Trolling and the Court's Leading Theocrat

By now, it is hardly surprising when we see Republicans in Congress acting like media-obsessed teenage "influencers" rather than lawmakers.  Some of them seem to spend all of their time looking for "likes" and the like, with one House Republican reportedly choosing her stances on issues based on what will get her on TV.  The idea that they might at some point have to do something, or be held accountable for anything, is utterly foreign to them.

And it is not merely the boisterous lower house of Congress that is in on the game.  Indeed, Patient Zero in this mess is arguably Senator Ted Cruz, who was always more interested than anything else in simply getting attention with one or another ugly smear.  (It is difficult to disagree with liberal TV host Chris Hayes's assessment that Cruz is more interested in being a podcaster than a senator.)

All of this is, of course, a matter of degree.  After all, almost no one succeeds in politics without being willing to give interviews and so on.  There are media-savvy people on the left, such as Rep. Katie Porter (who unfortunately will be leaving the House after this term, having given up her seat to engage in an ultimately unsuccessful run for the open US Senate seat in California), and Alexandria Ocasio-Cortez is undeniably good at engaging with modern media as well.

The difference, of course, is that the media hounds on the right are also shameless trolls, engaging in bad-faith misrepresentations of their opponents' views and never backing down even after being called out.  After delivering her disastrously embarrassing official Republican response to the State of the Union address last month, for example, Alabama Senator Katie Britt simply refused to admit that she had engaged in what Paul Krugman smartly labeled "de facto lies."

For those who missed it, Britt tried to tie a horrific story of sex trafficking to President Biden by placing accurate statements in succession that added up to a monstrous lie.  Indeed, she told a story about a real victim of trafficking but made it appear that the events happened while Biden has been President -- indeed because Biden is President.  When called on her BS, she went with this: "[I]t is disgusting to try to silence the voice of telling the story of what it is like to be sex trafficked when we know that that is one of the things that the drug cartels are profiting most off of."  Who, exactly, is trying to silence the story of sex trafficking?  That story can be told -- and should be told -- without the deliberate, politically-motivated distortions.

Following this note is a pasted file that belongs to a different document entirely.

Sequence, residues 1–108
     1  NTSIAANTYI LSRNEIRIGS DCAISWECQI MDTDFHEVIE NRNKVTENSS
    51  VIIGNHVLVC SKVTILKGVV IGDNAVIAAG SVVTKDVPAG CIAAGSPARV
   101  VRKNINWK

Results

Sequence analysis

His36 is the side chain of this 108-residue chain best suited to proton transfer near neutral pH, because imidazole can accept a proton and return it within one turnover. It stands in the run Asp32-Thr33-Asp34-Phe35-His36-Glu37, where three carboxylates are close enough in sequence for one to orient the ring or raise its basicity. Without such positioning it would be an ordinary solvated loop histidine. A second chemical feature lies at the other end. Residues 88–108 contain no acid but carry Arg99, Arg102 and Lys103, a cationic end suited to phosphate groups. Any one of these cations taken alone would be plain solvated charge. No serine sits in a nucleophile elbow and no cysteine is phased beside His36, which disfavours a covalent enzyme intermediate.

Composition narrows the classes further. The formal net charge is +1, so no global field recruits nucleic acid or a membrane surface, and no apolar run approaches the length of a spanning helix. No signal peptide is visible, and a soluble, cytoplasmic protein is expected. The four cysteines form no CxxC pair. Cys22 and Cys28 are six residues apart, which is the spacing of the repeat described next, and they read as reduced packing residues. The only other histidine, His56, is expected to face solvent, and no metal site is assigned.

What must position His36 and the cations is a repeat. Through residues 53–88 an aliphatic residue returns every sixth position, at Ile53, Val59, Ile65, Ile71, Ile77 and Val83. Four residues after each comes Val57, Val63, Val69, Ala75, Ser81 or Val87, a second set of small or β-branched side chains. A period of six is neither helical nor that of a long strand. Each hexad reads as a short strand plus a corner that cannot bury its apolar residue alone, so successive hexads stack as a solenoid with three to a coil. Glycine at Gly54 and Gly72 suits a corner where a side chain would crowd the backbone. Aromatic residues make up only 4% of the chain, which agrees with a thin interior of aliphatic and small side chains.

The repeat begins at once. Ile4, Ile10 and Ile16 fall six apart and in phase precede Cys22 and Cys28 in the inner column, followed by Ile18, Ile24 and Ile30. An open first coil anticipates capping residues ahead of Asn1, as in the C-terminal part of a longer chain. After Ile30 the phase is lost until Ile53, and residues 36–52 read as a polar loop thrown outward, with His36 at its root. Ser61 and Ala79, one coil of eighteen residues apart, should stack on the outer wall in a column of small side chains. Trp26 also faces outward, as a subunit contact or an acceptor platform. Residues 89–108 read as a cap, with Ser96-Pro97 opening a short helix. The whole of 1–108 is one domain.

And this is hardly limited to the Trumpy types.  According to The Hill: "Sen. Mitt Romney (R-Utah) posted on the social media platform X that Britt’s delivery was 'over-the-top' and 'out of character,' just like Biden’s, but he opined 'the media overreaction to hers' and lenient response to Biden 'tells us who liberals most fear as VP nominee.'"  The idea that Romney was or is a voice of honesty and decency (just like Biden's?) was always more than a bit of a stretch, but this is ridiculous.

Again, content matters.  If conservatives hate it when, say, Democratic Rep. Eric Swalwell points out the lies coming from the right, they always have the option of ... wait for it ... not lying.  And not engaging in sleazy innuendo.  And not going beyond dogwhistles to outright racist attacks.  Cruz, for example, led the opposition to now-Justice Ketanji Brown Jackson's nomination to the Supreme Court by trying to force her to defend critical race theory.  Why?  Jackson is not an advocate of critical race theory, but she certainly is a member of a race, is she not?  And not just any race.  Which is all that Cruz needed.  It works like this: "You're Black.  This other Black person said something about race.  I'm fundraising and seeking to pump up my podcast ratings by lying about what that other Black person said.  And you were on a board or something that I can connect to racial politics.  Now defend yourself, you anti-White racist!"